30 Books That Show We’re In a Golden Age of American History for Kids

A beginner’s list that’s in no way exhaustive

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Don’t miss Abby Nolan’s in-depth exploration of this topic in her essay, How America’s Checkered Past Is Being Turned into Compelling Children’s Books.

Almost Astronauts: 13 Women Who Dared to Dream, Tanya Lee Stone (Candlewick, Ages 10 and up)

Breakthrough: How Three People Saved “Blue Babies” and Changed Medicine Forever, Jim Murphy (Clarion, Ages 10 to 12)

Claudette Colvin: Twice Toward Justice, Phillip Hoose (Square Fish, Ages 12 and up)

Courage Has No Color: The True Story of the Triple Nickles, Tanya Lee Stone (Candlewick, Ages 10 and up)

Drowned City: Hurricane Katrina & New Orleans, Don Brown (Houghton Mifflin Harcourt, Ages 12 and up)

Emancipation Proclamation: Lincoln and the Dawn of Liberty, Tonya Bolden (Abrams Books for Young Readers, Ages 10 to 14)

Fannie Never Flinched: One Woman’s Courage in the Struggle for American Labor Union Rights, Mary Cronk Farrell (Abrams, Ages 10 to 14)

Flesh and Blood So Cheap: The Triangle Fire and Its Legacy, Albert Marrin (Knopf Books for Young Readers, Ages 12 and up)

The Great American Dust Bowl, Don Brown (Houghton Mifflin, Ages 12 and up)

I Dissent: Ruth Bader Ginsberg Makes Her Mark, Debbie Levy and Elizabeth Baddeley (Simon & Schuster, Ages 5 to 8)

Ida M. Tarbell: The Woman Who Challenged Big Business — And Won!, Emily Arnold McCully (Clarion, Ages 12 and up)

In the Shadow of Liberty: The Hidden History of Slavery, Four Presidents and Five Black Lives, Kenneth C. Davis (Henry Holt, Ages 10 and up)

March (Books One, Two and Three), John Lewis, Andrew Aydin and Nate Powell (Top Shelf, Ages 13 and up)

The March Against Fear: The Last Great Walk of the Civil Rights Movement and the Emergence of Black Power, Ann Bausum (National Geographic, Ages 12 and up)

Master of Deceit: J. Edgar Hoover and American in the Age of Lies, Marc Aronson (Candlewick, Ages 14 and up)

Most Dangerous: Daniel Ellsberg and the Secret History of the Vietnam War, Steve Sheinkin (Roaring Brook, Ages 10 to 14)

The Port Chicago 50: Disaster, Mutiny and the Fight for Civil Rights, Steve Sheinkin (Roaring Brook, Ages 10 to 14)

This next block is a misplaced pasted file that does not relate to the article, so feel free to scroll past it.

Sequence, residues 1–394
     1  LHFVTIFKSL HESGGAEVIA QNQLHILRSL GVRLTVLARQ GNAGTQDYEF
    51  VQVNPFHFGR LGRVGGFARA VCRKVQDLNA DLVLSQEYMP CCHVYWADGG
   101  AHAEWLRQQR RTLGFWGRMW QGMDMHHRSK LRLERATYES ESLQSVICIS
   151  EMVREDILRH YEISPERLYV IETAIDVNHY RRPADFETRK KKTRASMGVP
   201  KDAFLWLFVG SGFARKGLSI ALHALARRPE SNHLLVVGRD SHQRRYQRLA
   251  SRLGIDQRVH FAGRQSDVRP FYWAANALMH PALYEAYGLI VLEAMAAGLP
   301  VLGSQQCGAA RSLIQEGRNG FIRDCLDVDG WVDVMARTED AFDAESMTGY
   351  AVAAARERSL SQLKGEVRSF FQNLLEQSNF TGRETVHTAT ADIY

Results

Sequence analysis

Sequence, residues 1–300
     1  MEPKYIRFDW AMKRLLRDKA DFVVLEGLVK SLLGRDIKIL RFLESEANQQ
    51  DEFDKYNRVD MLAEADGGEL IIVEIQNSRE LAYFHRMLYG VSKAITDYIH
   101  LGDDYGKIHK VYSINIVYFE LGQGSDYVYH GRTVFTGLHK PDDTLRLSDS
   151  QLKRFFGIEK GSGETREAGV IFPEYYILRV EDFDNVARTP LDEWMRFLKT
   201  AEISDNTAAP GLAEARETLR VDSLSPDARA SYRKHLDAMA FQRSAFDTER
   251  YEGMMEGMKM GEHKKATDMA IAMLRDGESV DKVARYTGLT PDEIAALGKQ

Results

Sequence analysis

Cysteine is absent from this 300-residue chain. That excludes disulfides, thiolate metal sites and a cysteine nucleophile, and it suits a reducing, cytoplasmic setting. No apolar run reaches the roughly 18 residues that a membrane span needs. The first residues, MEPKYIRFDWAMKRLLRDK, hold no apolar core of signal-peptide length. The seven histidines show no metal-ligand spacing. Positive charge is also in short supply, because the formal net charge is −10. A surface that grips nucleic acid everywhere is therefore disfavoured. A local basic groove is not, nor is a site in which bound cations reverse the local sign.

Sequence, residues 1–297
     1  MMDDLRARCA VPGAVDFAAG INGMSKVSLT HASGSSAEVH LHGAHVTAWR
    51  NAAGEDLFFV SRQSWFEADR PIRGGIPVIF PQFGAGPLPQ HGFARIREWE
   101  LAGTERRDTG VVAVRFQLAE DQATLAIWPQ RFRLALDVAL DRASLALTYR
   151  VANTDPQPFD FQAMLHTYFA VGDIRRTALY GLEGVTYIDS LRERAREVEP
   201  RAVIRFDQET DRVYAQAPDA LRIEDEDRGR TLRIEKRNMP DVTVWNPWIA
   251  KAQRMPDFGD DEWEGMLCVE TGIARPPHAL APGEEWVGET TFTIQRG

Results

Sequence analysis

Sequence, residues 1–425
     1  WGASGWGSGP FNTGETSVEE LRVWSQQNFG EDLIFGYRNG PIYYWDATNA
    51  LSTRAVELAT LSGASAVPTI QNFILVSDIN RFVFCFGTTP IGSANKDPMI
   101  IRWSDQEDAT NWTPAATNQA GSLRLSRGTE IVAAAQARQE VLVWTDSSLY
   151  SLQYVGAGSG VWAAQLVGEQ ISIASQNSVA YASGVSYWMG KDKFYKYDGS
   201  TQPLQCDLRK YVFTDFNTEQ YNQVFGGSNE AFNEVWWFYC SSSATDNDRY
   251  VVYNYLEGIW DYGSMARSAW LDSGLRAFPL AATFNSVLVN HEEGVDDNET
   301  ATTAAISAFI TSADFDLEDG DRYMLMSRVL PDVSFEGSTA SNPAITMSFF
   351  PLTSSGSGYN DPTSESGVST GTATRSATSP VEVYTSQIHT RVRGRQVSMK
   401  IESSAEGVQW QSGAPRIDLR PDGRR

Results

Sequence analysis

Pure Grit: How American World War II Nurses Survived Battle and Prison Camp in the Pacific, Mary Cronk Farrell (Abrams, Ages 13 and up)

Rad American Women A–Z: Rebels, Trailblazers, and Visionaries Who Shaped Our History . . . and Our Future!, Kate Schatz and Miriam Klein Stahl (City Lights, Ages 10 and up)

The Secret Project, Jonah Winter and Jeanette Winter (Beach Lane, Ages 5 to 8)

Separate Is Never Equal: Sylvia Mendez & Her Family’s Fight for Desegregation, Duncan Tonatiuh (Abrams, Ages 6 to 9)

Sit-In: How Four Friends Stood Up By Sitting Down, Andrea Davis Pinkney and Brian Pinkney (Little, Brown and Company, Ages 6 to 9)

Strange Fruit: Billie Holiday and the Power of a Protest Song, Gary Golio and Charlotte Riley-Webb (Millbrook, Ages 8 to 10)

Strike!: The Farm Workers’ Fight for Their Rights, Larry Dane Brimner (Calkins Creek, Ages 10 and up)

Sugar Changed the World: A Story of Magic, Spice, Slavery, Freedom and Science, Marc Aronson and Marina Budhos (Clarion, Ages 12 and up)

They Called Themselves the KKK: The Birth of an American Terrorist Group Susan Campbell Bartoletti (Houghton Mifflin, Ages 12 and up)

This Land Is Our Land: A History of American Immigration Linda Barrett Osborne (Abrams, Ages 12 and up)

Undefeated: Jim Thorpe and the Carlisle Indian School Football Team, Steve Sheinkin (Roaring Brook, Ages 10 to 14)

Uprooted: The Japanese American Experience During World War II, Albert Marrin (Knopf Books for Young Readers, Ages 12 to 17)

Voice of Freedom: Fannie Lou Hamer, Spirit of the Civil Rights Movement, Carole Boston Weatherford and Ekua Holmes (Candlewick, Ages 5 to 8)

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